Hillary Clinton Super-PAC Used Uber Almost as Much as the One Backing Jeb Bush

The car-hailing service was popular with political staff in the first half of the year.

Democratic presidential frontrunner Hillary Clinton greets supporters after speaking at New York University on July 24, 2015 in New York City.

Photo by Spencer Platt/Getty Images

While Hillary Clinton may be going cautiously on the topic of Uber, the super-PAC backing her campaign has been using the car-hailing service regularly, new records show.

Priorities USA Action, which raised $15.65 million in the first half of the year, spent about $1,500 on about 60 Uber trips over that same period, according to records filed Friday with the U.S. Federal Election Commission. That's almost as much as Right to Rise, the super-PAC supporting Jeb Bush, who has been touting the value of the so-called sharing economy.

Right to Rise spent $1,900 on Uber rides during the first six months of the year, while Bush's campaign spent about $1,400 on it in the second quarter. 

Uber Technologies Inc., the poster child of the sharing economy, has become part of a national conversation on income equality. So far, it's successfully fought off efforts by New York City Mayor Bill de Blasio, a Democrat who has argued that the company hurts workers and clogs streets, to restrict the growth of the company's fleet.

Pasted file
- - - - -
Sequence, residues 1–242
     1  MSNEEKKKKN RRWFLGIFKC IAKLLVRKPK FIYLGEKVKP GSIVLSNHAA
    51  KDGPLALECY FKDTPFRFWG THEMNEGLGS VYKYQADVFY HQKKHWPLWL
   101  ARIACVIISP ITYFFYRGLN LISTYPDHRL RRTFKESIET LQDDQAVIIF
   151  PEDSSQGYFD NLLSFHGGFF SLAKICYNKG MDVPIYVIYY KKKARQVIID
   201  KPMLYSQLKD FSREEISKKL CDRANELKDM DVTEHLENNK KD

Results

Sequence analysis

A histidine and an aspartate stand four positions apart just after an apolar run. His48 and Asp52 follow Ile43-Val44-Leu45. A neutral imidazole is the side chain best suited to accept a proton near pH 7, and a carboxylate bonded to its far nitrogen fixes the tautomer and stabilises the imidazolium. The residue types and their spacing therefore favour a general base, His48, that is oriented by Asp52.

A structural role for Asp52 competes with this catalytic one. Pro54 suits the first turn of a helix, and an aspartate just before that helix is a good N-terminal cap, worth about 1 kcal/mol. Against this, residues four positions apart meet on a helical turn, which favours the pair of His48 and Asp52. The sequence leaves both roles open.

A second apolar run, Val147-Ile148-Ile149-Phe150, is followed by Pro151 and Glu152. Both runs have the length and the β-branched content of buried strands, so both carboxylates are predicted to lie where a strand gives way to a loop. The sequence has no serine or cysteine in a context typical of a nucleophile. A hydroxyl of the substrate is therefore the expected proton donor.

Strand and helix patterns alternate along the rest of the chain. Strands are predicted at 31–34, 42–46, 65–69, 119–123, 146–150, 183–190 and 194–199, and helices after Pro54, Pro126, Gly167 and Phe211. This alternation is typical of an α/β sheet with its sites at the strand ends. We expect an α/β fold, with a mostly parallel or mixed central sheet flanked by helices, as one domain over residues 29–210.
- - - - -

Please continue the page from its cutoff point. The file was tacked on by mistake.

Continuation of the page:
Jeb Bush gets out of an Uber car on July 16, 2015, in San Francisco.

Jeb Bush gets out of an Uber car on July 16, 2015, in San Francisco.

Photo by Justin Sullivan/Getty Images

Republican Bush, the former Florida governor, has tried to position himself as savvy to the new economy. He made a show of using Uber to during a visit to San Francisco last month and has taken meetings with the company.

Without mentioning Uber by name, Clinton, a Democrat, in an economic policy speech in July, said the "on demand" and "gig economy," including those who drive their own cars, is creating exciting opportunities and unleashing innovation while also "raising hard questions about workplace protections and what a good job will look like in the future."

Clinton's campaign committee spent $219 on four Uber trips during the second quarter, according to FEC filings. That may not cover all transportation costs if campaign staffers were charging things to their personal credit cards for reimbursement later.

The campaign spent much more on rental cars, including Zipcar, another company that has disrupted traditional players. Campaign spending records show about $9,500 in rental car bills. 

—Jennifer Epstein contributed to this article. 

Before it's here, it's on the Bloomberg Terminal.